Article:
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28 of 31 people found the following review helpful
4.0 out of 5 stars Those Who Forget the Past .... December 17, 2002
Format:Paperback
Aside from the fact that this book takes place 125 years ago, it could be an end of year round-up for the corporate and political scandals of 2002. Trollope takes a deft look at the conditions of a culture that allow the Melmottes of the world to walk in and wreak havoc, (laziness, entitlement, greed) and one gets a very queasy feeling watching the bubble inflate, followed by the inevitable collapse of the whole house of cards. At least Melmotte doesn't take the whole country down with him. We may not be so lucky.
On the down side, I'm guessing (it feels like) these chapters were published in newspaper form before they were assembled for the book, as each chapter contains much unnecesary reiteration, and if you're reading straight through it can be annoying. In addition, Trollope doesn't have Dickens' delicious wit or keen insight into character, and some plots which seem to be headed for the interesting turn of event are instead allowed to dangle or resolve themselves dully. (I'm thinking particularly of Mrs. Hurtle here.) And for me, the fact that there is no one to take a particular interest in, no moral compass so to speak, left me feeling a bit adrift. Yes, people are deeply flawed. But one character who was perhaps a bit less flawed than the others would have given me something to hang my hat on.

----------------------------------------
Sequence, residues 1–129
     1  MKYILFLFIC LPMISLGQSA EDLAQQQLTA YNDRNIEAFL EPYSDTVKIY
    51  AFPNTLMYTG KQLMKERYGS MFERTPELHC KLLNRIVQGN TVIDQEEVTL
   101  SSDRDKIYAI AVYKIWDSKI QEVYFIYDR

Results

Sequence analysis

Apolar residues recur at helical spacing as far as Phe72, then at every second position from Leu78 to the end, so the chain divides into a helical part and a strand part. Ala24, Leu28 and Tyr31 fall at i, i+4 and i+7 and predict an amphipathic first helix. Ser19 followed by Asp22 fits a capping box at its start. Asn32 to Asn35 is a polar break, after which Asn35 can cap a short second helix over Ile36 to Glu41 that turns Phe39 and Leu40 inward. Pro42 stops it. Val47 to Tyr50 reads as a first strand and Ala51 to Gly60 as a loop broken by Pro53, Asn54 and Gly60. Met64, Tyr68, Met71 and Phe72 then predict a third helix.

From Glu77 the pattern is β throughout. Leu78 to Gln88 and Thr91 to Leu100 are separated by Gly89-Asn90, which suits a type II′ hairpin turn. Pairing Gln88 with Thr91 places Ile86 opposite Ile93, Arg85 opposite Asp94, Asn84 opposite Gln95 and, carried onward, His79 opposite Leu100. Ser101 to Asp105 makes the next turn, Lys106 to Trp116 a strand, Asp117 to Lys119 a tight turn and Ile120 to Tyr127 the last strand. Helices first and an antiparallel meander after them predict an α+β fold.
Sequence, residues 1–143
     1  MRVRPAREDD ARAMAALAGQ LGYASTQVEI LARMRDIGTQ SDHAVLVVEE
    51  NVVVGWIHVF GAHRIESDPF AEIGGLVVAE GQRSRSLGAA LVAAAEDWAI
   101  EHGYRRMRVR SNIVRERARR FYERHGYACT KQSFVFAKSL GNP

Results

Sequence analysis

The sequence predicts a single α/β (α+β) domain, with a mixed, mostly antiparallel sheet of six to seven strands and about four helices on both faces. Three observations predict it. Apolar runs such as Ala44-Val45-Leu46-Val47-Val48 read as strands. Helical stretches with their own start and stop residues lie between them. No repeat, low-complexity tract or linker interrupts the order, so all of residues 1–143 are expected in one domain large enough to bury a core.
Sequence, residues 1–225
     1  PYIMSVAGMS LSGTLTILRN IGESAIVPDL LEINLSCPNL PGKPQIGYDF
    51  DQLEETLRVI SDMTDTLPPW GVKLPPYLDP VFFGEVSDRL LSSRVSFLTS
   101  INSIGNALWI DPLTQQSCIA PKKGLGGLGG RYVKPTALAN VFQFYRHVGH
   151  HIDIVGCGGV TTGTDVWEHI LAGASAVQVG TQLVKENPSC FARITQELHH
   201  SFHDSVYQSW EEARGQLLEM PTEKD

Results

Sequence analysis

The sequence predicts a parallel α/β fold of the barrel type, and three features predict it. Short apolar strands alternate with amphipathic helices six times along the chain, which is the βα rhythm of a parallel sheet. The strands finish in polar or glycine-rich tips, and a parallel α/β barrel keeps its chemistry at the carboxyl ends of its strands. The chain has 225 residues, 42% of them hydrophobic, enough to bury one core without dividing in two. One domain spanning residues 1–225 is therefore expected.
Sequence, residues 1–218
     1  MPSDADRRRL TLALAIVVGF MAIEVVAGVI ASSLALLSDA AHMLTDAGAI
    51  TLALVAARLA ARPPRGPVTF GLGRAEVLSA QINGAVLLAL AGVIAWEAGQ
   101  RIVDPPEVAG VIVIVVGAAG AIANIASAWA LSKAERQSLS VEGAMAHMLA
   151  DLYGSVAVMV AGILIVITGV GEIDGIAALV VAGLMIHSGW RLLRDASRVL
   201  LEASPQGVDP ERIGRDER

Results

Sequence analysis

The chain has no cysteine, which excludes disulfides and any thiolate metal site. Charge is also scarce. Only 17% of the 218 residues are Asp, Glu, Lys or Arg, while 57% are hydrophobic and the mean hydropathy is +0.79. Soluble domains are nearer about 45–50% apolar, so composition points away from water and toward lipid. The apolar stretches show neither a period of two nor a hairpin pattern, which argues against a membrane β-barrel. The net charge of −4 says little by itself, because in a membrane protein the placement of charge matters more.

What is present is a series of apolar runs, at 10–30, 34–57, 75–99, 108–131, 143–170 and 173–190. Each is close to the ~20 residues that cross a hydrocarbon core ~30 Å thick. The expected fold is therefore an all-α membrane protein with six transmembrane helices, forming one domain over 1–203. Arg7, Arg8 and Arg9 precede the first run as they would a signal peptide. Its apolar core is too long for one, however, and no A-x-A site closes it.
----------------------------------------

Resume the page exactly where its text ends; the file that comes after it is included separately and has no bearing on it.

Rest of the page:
Still, a page turner par excellence.
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Most Recent Customer Reviews
4.0 out of 5 stars Four Stars
suprisingly contemporary.
Published 5 days ago by Jeff Miller
3.0 out of 5 stars Three Stars
Nice read.
Published 12 days ago by joseph kerrigan
5.0 out of 5 stars Five Stars
Great satire. And timely. Melmotte puts one in mind of Bernie Madoff.
Published 19 days ago by john woodley
5.0 out of 5 stars Again it's sensational and we see and hear so many ...
Again it's sensational and we see and hear so many Melmonts there days who cry out 'I've done nothing wrong!!!
Published 21 days ago by julia l parker
5.0 out of 5 stars This book is quintessentially Trollope with wonderfully described...
This book is quintessentially Trollope with wonderfully described characters and rich plots and subplots. It is a lengthy book but intriguing throughout. Read more
Published 23 days ago by Mary Glisson
4.0 out of 5 stars Interesting
Still in the process of reading. Very interesting view of life in 19th century.
Published 1 month ago by Martin Valenta
1.0 out of 5 stars Poorly edited, almost unreadable.
My complaint is with the editor/publisher/printer not Mr. Trollope. Unfortunately I did not begin reading this book right away and it is too late now to ask for a refund. Read more
Published 1 month ago by vena
2.0 out of 5 stars Great novel, copy-editing on Penguin Kindle edition is ghastly
I can't contribute much to a century of literary criticism of the novel itself, but the number of typos and misprints in the text (Penguin, Kindle edition) is inexcusable. Read more
Published 1 month ago by Concerned Citizen
5.0 out of 5 stars There was not a dull moment in the 800 pages -- one of those ...
After not reading any Trollope since college, and recently seeing the magnificent BBC
production of The Way We Live Now, I read the novel. Read more
Published 1 month ago by Barbara W. Smigel
5.0 out of 5 stars A Trollope Masterpiece
This is one of the best of Trollope's novels. It is set in the late Nineteenth Century (1870s) when things are changing and people, some at least, live differently than in earlier... Read more
Published 1 month ago by Milton Garber